And I was…dry mouth. I just sort of wandered off after that and sat down. I’d never taken this seriously myself and I’d never thought of it and then I started to think, “Well, maybe. I mean, if he says that, maybe I should consider it!”

My buddy was saying all the way home—‘cause it was about a two and a half hour ride—that was all he was talking about. And all of my friends and my “crew” were all stunned…

And it was because he saw this different thing. He was telling me how he got started at 29 years old essentially and how he went about doing it and the whole thing. It was wonderful!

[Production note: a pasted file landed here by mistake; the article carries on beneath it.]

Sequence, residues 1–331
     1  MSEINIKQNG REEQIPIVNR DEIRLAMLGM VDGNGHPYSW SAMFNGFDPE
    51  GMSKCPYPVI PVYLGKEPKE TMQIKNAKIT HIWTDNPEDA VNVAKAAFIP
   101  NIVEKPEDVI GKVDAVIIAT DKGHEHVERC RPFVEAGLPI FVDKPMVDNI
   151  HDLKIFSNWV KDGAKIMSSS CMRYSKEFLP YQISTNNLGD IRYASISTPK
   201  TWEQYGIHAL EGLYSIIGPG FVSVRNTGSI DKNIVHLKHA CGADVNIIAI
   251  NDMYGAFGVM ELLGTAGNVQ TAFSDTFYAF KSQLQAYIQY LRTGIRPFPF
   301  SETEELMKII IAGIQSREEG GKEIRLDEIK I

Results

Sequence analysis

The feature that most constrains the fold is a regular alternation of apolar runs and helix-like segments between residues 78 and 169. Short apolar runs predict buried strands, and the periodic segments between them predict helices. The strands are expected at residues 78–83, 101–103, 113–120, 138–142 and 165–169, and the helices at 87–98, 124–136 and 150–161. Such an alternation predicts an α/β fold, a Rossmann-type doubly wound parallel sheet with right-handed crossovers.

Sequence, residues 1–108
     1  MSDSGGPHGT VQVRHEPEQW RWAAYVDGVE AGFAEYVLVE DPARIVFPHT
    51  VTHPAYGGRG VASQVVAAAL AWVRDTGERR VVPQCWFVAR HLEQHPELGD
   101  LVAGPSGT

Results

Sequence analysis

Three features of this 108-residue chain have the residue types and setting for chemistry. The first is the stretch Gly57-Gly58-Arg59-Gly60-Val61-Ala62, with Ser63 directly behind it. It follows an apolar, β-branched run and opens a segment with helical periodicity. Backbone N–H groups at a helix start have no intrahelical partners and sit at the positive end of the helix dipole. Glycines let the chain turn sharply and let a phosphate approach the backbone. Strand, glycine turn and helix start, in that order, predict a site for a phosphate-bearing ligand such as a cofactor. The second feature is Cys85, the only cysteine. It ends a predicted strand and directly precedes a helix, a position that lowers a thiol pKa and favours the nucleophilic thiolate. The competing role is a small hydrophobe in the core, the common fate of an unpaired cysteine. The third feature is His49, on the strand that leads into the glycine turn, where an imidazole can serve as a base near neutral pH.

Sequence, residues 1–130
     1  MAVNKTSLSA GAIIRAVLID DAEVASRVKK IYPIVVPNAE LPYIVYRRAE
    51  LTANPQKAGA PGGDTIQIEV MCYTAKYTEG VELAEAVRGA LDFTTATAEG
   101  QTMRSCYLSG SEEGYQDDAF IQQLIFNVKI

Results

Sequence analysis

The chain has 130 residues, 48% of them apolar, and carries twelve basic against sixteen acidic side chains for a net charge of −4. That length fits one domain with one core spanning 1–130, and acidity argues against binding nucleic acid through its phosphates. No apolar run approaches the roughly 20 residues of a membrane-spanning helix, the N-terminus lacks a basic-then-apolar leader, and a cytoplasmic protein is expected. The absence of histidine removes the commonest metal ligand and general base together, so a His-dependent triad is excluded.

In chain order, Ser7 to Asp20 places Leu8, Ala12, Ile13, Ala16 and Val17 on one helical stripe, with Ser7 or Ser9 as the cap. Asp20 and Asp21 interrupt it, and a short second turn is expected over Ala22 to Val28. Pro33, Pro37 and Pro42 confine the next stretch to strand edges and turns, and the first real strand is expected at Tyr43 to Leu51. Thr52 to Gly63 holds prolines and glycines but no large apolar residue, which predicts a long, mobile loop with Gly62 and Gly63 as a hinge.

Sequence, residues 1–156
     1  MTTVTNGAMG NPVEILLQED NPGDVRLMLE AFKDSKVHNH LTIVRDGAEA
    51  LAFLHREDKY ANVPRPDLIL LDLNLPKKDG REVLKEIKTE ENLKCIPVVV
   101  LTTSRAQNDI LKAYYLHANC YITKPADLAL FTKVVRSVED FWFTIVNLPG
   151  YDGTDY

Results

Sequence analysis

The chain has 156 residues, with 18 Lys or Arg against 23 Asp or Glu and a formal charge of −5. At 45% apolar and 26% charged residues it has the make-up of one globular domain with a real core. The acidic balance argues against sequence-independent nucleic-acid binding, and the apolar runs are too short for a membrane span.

More from Gotham After Midnight.

More from Gotham After Midnight.


Part 2: The Secret Origin of Kelley Jones. Click here.

Part 3: Diving into the world of Red Rain. Click here.

Part 4: Making the leap to monthly Batman artist. Click here.

Part 5: How his art was collected in Graphitti’s Kelley Jones Batman Gallery Edition. Click here.

— For the MARSHALL ROGERS Index of stories and tributes, click here.

Author: Dan Greenfield

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  1. This is awesome. Kelley is the definitive Batman for me. His work resonates with me as strongly today as it did in the 90s. There’s so much going on in a Jones page, that you always need to come back for another look. Kelley is not just an artist. He’s a storyteller. Bring on the rest of the interview!!!!